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Thanks for taking time to visit the 2008 Happisburgh Bird Diary, we hope you enjoyed reading it. To find out what Ossie and I see this year please visit the Happisburgh Parish Bird List 2009 ...

27th April – 3rd May

South-westerlies continued for the first couple of days then an easterly element returned once again bringing with it cooler temperatures, particularly after dark. Several showers and longer periods of rain in between sunshine ensured that the grass kept growing. May opened with overnight rain on the 1st followed by some heavy thunderstorms.

Oswald and I kicked off the week with a late morning walk towards the village from the pay and display at Cart Gap. Birds weren’t obviously visibly moving through but there were several
Linnets on the ground and amongst c.10 scattered Pied Wagtails I finally chanced upon a nice male White Wagtail. This race, the nominate of the species, is widespread across continental Europe and is a regular spring passage visitor to East Anglia in small numbers. A female Yellow Wagtail accompanied a male Pied on the sugar beet field immediately south of Doggetts Lane and at least 6 male Common Whitethroats were singing from the hedgerows and chalet gardens; it’s looking like a good year for them so far. Wheatears were at the most numerous I have seen them this spring and I tallied 8 in total along the track. A few large immature gulls were loafing on the groynes off the old Decca site and with them were 2 Sandwich Terns. These posts, quite close to the beach, are a favourite resting place for terns in between fishing forays and close views can be had. To rest awhile on the soft sand here on a warm sunny day, close your eyes and listen to their raucous grating calls is a wonderfully relaxing experience.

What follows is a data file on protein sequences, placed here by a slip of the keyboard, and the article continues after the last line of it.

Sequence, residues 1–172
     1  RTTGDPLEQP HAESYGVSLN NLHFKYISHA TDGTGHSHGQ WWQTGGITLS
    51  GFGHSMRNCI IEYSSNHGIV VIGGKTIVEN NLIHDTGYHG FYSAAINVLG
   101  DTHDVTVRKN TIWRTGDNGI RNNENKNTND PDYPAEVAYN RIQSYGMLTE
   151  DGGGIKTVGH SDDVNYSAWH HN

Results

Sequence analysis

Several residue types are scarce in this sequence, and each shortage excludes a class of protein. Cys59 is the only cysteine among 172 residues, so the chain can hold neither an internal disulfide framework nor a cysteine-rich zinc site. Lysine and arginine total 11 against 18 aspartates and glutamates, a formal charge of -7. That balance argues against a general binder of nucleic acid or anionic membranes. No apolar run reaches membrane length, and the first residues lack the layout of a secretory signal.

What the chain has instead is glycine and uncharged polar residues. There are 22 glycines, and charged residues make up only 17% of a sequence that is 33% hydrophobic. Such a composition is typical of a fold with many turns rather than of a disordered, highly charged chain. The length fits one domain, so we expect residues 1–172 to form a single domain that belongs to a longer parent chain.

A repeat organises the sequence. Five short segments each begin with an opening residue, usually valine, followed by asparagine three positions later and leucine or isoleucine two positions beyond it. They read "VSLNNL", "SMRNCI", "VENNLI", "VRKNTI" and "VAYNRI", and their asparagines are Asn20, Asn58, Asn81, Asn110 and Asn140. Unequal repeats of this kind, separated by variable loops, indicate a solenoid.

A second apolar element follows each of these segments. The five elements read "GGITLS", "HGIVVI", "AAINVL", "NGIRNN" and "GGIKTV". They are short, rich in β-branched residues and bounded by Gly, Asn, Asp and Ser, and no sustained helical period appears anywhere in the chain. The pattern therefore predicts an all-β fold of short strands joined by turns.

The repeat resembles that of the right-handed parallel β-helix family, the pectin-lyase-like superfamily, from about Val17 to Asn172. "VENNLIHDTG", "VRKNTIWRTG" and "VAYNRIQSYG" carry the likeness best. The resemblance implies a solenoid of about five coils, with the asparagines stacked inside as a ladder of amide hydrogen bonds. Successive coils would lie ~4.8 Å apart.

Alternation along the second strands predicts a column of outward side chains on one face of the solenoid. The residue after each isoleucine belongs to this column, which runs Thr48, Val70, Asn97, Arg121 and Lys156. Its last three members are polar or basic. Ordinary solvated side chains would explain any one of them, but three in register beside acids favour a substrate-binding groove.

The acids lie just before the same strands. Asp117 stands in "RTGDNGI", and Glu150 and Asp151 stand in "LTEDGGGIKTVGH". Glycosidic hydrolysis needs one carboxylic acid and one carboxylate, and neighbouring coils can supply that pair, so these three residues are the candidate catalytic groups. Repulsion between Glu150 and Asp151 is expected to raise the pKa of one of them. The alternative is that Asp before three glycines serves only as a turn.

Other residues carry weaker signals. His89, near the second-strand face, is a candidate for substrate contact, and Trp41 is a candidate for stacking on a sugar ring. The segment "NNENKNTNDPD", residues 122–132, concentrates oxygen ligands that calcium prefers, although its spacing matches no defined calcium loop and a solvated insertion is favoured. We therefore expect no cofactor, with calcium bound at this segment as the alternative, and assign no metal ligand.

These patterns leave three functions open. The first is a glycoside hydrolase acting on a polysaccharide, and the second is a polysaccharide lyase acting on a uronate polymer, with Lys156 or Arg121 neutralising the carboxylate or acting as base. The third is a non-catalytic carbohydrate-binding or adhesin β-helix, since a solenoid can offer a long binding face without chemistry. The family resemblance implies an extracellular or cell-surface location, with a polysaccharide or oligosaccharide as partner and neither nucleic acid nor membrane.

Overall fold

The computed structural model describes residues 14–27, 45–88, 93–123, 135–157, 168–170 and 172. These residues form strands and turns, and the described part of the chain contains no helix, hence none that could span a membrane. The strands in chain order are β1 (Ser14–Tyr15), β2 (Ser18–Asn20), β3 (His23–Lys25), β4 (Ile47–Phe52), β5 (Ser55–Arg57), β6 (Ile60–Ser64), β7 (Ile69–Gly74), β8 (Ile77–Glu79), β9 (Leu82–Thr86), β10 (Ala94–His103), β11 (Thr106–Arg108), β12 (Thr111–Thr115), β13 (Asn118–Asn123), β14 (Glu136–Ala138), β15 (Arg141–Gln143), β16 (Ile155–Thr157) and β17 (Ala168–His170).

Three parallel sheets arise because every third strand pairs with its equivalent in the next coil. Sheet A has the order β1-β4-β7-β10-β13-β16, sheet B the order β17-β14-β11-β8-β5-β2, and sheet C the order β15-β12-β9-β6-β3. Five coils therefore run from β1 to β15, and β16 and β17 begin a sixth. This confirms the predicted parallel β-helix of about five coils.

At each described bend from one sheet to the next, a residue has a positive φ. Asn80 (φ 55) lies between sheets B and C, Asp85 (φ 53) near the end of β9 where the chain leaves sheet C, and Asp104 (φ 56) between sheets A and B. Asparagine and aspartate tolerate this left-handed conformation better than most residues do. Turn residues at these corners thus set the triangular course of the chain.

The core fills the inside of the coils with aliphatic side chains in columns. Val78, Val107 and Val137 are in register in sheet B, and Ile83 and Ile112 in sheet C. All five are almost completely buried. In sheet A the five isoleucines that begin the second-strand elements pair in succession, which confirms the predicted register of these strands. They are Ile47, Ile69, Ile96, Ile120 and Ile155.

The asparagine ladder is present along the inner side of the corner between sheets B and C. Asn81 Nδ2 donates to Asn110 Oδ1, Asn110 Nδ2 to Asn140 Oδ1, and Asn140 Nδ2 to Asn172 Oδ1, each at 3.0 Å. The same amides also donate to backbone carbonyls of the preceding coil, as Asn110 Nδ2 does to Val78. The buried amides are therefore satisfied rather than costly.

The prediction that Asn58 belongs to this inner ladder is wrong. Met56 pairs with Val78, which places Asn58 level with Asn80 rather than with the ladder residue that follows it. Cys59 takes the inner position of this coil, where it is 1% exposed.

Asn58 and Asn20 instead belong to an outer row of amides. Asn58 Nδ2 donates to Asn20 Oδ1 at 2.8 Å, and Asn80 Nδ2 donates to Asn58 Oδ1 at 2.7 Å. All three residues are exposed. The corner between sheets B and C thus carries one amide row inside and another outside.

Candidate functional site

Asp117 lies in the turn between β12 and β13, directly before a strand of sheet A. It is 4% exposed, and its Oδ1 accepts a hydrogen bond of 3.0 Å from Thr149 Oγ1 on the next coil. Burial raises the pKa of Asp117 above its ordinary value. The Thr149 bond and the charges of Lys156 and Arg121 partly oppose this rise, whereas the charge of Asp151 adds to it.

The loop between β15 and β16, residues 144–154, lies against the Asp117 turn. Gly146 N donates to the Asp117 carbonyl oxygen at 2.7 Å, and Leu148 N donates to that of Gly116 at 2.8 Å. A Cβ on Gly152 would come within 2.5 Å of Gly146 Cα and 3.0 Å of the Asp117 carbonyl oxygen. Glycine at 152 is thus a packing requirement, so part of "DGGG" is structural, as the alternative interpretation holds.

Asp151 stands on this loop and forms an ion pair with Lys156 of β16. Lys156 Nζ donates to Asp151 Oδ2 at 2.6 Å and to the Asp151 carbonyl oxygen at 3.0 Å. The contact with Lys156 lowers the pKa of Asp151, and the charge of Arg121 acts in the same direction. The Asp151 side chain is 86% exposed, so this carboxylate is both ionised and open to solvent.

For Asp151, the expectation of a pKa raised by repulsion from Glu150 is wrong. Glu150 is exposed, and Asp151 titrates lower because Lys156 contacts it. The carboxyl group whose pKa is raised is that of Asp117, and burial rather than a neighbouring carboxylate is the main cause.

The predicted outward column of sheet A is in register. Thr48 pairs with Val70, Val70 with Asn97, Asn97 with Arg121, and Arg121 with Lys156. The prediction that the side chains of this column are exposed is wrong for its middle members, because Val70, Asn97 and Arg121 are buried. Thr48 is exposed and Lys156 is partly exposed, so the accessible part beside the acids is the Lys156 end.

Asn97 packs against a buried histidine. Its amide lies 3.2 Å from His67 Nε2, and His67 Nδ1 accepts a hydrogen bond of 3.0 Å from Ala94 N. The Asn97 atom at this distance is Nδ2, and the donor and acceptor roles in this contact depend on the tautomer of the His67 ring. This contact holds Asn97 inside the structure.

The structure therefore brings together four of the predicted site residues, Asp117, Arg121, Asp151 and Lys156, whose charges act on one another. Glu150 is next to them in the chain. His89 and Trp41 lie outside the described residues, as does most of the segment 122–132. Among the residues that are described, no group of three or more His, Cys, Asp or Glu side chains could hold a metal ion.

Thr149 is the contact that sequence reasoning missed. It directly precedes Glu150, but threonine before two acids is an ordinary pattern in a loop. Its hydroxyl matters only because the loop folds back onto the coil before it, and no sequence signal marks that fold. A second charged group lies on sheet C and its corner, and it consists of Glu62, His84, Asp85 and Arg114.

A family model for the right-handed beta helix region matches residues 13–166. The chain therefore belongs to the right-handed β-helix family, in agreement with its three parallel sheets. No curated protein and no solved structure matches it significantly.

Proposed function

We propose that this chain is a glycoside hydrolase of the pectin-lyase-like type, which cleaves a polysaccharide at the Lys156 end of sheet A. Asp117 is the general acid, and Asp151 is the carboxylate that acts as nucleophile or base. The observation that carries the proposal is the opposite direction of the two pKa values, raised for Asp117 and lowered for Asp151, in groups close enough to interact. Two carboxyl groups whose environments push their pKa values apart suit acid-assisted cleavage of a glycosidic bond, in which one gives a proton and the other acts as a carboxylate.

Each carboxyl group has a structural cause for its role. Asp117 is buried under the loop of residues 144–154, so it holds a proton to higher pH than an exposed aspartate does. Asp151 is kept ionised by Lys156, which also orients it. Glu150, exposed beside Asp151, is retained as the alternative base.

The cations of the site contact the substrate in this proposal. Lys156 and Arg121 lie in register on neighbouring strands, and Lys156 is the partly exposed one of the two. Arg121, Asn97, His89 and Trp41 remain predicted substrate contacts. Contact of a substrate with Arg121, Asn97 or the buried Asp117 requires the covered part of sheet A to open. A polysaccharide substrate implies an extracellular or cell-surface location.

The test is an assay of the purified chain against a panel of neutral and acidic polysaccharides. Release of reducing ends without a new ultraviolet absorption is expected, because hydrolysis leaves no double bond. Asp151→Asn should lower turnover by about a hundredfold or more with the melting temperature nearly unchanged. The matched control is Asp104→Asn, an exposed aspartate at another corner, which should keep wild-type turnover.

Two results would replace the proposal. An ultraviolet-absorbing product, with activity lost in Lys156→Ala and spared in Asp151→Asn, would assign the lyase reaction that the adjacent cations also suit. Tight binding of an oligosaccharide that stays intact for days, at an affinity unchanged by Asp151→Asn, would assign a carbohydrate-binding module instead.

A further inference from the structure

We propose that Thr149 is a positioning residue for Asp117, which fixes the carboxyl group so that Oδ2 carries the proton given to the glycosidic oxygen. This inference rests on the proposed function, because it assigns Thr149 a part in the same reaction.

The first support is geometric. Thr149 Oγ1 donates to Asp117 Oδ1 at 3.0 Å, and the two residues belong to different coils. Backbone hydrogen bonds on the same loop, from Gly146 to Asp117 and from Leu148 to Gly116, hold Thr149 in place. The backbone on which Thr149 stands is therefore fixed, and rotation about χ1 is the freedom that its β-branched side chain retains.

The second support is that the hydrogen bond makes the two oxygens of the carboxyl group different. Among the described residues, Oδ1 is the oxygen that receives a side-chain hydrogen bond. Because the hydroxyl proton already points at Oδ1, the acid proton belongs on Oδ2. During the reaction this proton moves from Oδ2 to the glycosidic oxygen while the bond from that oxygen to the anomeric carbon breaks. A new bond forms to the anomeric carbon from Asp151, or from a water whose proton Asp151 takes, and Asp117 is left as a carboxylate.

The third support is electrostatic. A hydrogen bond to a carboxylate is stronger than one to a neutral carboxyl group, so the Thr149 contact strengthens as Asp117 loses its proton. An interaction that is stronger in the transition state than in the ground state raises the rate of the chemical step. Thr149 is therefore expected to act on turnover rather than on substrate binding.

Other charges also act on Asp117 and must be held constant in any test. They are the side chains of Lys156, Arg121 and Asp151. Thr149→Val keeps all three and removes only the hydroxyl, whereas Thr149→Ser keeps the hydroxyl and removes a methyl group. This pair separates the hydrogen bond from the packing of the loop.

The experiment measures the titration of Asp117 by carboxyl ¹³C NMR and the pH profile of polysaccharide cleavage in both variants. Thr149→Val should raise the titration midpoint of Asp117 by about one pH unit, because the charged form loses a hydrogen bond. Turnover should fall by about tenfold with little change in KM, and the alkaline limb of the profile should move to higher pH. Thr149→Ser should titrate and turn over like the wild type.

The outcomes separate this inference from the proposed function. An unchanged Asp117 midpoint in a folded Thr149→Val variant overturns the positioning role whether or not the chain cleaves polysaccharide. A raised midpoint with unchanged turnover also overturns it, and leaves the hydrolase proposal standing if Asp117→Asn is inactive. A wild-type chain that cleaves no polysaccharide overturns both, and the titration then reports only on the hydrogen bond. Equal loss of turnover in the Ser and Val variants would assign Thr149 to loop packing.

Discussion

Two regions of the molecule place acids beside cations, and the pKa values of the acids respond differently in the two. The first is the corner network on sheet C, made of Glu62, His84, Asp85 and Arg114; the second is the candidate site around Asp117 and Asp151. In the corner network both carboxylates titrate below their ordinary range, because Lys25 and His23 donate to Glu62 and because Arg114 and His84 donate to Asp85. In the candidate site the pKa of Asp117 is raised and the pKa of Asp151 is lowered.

Sandwich Terns are a regular summer time sight on the remains of sea defences offshore from south of the village.

I had to run an errand up to Walcott during the early evening and took the minor road north which rejoins the coast road via Ostend. Scanning the field behind The Chimneys were another 2 Wheatears, a male and female. Rare as a breeder in NE Norfolk this pair had probably just stopped off to rest and feed en route to more northerly nesting grounds. Returning home from Walcott I decided to check along the narrow lane that runs between Rookery Farm and the telephone exchange. It turned out to be a good move, for a brief flight view of a silvery-winged thrush which prompted further investigation ended up with me watching no less than 6 Ring Ouzels in the hedge surrounding the lush pasture there. It was my second encounter with the species this year and a reasonable sized flock too.

The first three days of May were rather quiet on the bird front but I did hear my first Cuckoo, from the garden on the 3rd, and Holly Blue butterflies appeared locally. Once again the male Marsh Harrier appeared hunting over the fields near College Farm and some second-hand info left me feeling rather envious of one of Happisburgh’s sons and birder Mick Hannant, who had heard a Stone Curlew calling from cropped fields at Cart Gap during the morning of May 3rd. The Stone Curlew is a summer visiting specialist bird of heaths and stony arable land, the Brecks and close surrounds being its stronghold in Norfolk. To find one on passage is quite fortunate and I’d missed a rare opportunity to add it to the list of birds I’ve seen in Happisburgh…

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